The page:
On the flip side, I am very much aware that many of our colleagues simply don’t have the luxury to stop by at VC every Thursday night because of family commitments. After all, classes end at 10 pm and we usually are at VC till 11 pm. I also notice that the “usual” crowd are the ones that show up at VC and the majority of them do not have family commitments anyway. With this being said, I am not advocating one way or another but shedding light on how VC is our golf course and boardroom where we all have a good time and yet get some “work” done.

Power in Numbers

Whenever I tell friends outside of MLHR that the program has an emphasis on group work, the usual response is something to the effective of, “Ugggg I HATE group work.” or “I don’t know how you handle group work all the time. Isn’t that so hard to find time with your schedules?” Now, I must admit, I came into the program with a similar attitude when they told us we would be working in groups for most of our time here. However, I think I might have come to rather enjoy group work. Here are a few reasons why group work isn’t as bad as people think:

1. It’s a great opportunity to get to know people in the program. Last quarter, was the beginning of a new program with new people. Our group projects facilitated a way for us to get to know each other. As with every group project there are times when we get off topic, and it is really nice to actually have the opportunity to get to know the AMAZINGLY TALENTED people in our program.

2. Divide and conquer. I know sometimes solo projects can move a little quicker because you are not dealing with a group, but you still have to do all that work by yourself. I love being able to divide up the work for the project knowing that each person in our group will do an excellent job.

3. Meeting in different places and getting away from campus. Like many people, being in Fisher at night during the week and on many Sundays is not my idea of a good time after awhile. Don’t get me wrong, Gerlach is a beautiful, dare I say, high-tech building, but it gets old. Especially in the winter when all anyone wants to do is go outside in warm weather. This is why winter has been a great time to get out and meet at other places. Today, my group met at a Panera in Upper Arlington. New scenery and not as crowded as the one by campus. You can explore different parts of Columbus and get work done at the same time. How about that?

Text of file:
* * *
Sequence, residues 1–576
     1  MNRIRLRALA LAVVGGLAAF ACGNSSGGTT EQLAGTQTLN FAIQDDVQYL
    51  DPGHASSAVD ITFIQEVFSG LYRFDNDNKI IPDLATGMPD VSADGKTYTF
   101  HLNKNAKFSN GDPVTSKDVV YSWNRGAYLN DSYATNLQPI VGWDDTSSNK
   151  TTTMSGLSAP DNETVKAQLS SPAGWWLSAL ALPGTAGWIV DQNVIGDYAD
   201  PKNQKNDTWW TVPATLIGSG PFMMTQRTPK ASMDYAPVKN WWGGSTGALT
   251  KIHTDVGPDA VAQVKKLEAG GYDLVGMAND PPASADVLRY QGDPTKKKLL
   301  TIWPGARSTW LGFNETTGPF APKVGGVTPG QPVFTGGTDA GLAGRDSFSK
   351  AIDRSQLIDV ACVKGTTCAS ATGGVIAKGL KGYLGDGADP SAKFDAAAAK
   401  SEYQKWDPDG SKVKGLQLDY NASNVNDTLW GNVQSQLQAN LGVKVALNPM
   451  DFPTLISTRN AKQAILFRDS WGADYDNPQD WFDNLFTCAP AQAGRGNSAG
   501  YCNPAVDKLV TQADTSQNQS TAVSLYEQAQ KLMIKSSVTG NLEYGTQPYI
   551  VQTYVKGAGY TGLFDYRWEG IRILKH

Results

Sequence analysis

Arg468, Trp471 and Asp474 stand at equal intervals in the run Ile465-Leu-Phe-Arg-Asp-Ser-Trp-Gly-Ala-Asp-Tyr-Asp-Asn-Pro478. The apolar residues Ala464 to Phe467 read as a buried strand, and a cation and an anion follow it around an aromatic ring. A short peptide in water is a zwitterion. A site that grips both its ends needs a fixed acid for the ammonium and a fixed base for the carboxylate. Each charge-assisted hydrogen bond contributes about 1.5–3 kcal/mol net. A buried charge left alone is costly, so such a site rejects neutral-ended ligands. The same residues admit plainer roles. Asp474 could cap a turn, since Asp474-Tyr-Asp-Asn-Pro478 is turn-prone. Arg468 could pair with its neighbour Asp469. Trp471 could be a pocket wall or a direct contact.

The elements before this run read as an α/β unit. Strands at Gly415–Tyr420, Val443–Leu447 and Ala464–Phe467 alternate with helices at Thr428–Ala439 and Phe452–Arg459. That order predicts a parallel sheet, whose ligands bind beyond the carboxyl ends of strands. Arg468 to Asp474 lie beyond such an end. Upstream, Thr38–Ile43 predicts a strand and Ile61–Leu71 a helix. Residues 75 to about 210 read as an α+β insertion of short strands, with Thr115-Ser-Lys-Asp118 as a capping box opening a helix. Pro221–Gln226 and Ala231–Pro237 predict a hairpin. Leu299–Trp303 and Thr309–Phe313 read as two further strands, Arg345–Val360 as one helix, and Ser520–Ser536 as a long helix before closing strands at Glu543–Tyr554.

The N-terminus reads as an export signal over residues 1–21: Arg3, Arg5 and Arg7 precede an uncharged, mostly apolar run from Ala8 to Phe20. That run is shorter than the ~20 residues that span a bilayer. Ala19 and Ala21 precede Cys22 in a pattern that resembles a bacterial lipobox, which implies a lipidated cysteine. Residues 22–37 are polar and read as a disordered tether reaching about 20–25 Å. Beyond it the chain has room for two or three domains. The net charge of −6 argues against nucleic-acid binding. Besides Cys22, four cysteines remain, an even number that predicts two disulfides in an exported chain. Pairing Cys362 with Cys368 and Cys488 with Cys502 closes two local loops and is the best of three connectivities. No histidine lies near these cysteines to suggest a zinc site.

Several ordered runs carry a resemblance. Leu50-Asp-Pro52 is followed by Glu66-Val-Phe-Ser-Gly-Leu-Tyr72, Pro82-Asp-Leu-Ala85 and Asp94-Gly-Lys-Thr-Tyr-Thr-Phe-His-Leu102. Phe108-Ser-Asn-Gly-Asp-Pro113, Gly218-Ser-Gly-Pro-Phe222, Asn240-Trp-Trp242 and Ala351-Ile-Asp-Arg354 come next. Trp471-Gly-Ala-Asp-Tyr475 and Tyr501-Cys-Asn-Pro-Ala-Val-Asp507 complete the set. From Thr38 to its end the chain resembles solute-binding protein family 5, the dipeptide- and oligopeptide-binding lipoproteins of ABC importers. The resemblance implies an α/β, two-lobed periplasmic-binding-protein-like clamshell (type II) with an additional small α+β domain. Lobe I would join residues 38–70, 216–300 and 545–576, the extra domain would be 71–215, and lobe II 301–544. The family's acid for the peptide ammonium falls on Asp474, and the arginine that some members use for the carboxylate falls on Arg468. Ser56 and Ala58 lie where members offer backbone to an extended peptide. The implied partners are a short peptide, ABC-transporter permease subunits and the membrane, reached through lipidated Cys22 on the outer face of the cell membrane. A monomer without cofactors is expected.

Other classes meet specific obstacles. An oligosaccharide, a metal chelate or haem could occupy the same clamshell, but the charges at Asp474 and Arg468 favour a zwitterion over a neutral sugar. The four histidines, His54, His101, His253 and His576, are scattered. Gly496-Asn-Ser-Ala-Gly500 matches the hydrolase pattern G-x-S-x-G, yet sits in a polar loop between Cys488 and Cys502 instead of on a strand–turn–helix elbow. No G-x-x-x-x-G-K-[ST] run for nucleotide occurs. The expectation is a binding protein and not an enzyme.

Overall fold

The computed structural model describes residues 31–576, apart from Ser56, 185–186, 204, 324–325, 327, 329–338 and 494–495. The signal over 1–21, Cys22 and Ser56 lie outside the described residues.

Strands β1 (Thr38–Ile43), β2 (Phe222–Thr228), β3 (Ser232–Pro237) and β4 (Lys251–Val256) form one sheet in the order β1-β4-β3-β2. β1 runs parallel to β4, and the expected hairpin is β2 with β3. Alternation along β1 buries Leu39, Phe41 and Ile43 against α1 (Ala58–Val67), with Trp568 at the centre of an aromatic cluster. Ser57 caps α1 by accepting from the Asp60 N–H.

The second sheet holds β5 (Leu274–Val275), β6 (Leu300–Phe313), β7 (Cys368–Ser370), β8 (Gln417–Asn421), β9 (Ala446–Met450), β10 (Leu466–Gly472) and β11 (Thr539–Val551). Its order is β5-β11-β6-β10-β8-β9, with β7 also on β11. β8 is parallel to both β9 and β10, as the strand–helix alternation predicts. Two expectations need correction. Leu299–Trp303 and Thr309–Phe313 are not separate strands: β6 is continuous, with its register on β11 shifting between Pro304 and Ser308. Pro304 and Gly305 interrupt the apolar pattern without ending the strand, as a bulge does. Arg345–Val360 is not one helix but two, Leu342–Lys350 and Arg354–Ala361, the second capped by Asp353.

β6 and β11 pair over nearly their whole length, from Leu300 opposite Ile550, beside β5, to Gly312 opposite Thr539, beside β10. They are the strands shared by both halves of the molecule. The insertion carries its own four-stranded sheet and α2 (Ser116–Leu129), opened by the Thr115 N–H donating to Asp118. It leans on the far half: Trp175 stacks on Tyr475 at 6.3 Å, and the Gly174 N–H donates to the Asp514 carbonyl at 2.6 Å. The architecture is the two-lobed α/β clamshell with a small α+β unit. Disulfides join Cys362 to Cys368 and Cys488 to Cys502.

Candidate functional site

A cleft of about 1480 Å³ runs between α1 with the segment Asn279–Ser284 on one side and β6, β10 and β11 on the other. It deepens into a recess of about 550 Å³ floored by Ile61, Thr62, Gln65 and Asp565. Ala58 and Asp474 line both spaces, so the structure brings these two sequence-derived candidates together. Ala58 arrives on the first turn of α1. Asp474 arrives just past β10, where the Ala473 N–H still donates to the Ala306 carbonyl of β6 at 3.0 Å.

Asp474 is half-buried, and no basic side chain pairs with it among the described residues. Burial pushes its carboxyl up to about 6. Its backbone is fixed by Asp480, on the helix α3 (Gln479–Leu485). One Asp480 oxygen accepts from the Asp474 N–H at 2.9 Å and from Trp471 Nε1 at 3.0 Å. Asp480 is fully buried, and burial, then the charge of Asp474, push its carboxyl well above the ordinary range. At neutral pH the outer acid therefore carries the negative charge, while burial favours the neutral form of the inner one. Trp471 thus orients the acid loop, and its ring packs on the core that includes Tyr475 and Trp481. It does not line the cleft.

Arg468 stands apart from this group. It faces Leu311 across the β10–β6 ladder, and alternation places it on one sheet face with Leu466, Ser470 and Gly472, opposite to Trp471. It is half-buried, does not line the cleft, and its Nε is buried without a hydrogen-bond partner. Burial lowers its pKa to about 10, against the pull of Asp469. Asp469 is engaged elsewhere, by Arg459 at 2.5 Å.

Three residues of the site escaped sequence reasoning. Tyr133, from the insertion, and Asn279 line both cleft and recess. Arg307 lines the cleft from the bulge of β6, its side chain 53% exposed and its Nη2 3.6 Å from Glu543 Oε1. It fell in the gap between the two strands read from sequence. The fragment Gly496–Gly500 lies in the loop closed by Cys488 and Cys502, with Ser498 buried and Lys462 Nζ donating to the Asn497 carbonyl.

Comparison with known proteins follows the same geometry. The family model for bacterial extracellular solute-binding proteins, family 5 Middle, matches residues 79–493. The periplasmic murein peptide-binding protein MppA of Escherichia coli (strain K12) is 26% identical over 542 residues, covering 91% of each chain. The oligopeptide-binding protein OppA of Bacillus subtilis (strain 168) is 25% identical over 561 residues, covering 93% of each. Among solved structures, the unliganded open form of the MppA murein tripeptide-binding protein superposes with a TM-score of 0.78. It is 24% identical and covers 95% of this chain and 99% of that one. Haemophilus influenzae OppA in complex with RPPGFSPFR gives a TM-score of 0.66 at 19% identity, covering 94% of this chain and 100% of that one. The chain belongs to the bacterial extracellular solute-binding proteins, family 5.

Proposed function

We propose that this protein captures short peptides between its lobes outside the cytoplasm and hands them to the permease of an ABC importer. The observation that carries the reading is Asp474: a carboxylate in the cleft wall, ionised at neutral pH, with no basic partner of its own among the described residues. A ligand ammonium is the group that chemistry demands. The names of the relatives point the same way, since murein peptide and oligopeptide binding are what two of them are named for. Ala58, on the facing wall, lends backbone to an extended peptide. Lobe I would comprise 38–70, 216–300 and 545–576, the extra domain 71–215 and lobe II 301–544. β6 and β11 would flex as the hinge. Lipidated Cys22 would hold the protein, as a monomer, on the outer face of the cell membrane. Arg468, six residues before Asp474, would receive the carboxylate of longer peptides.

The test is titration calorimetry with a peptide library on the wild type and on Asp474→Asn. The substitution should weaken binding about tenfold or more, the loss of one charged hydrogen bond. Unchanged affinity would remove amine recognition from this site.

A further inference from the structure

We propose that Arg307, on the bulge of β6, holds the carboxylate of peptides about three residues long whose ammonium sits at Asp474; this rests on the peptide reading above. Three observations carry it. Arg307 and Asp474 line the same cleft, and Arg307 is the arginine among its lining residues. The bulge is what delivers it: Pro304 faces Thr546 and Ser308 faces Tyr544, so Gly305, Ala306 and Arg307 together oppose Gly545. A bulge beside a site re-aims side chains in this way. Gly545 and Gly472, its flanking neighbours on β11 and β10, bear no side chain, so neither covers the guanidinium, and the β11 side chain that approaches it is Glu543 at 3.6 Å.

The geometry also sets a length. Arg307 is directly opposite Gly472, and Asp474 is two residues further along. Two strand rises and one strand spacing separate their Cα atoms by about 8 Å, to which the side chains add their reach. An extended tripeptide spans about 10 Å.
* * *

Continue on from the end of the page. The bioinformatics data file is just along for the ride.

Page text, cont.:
4. This may go along with divide and conquer, but less presenting time. It’s great having people stand up there with you when you are presenting your work. Unlike many other programs, you have to do the work by yourself and then stand up and present it on your own. Then, you have to talk for at least 20 minutes. Can you say SCARY? It give me so much more confidence when you have people with you as you present and you don’t have to speak for very long when there are 3-4 members that all need to do some of the talking. Literally, power in numbers.

Of course, there are some downsides to group work. It can be challenging finding time to meet with people, especially as more people get jobs during the school year (myself included), but it’s worth it. Now that many of us know each other’s schedules it is not that bad. One thing to do though, is be up front with your schedule at your first group meeting. This sets the tone if you will, so everyone is on the same page when it comes to meetings.

MLHR has made a believer out of me when it comes to group work. Go Team!

Teamwork Makes the Dream Work

I was working with my teammate Logan this afternoon on an Accounting case study, and we both were scratching our heads over a certain problem. After some discussion, he found an important number in the case, I found a hint from our textbook, and together we were able to solve for the answer to the problem. My response, “Teamwork makes the dream work!” Logan: “You are a nerd. I wish we could take our final in groups.” Ugh… if only…

I have to admit, coming into the MBA program, one of the aspects I was most worried about was the idea of being tied to the same core team of five for an ENTIRE YEAR. In the past, I felt I always got burned with being placed on a team with free riders, or people who just lacked motivation to perform at a high level. I was dreading being “stuck” with people I didn’t get along with.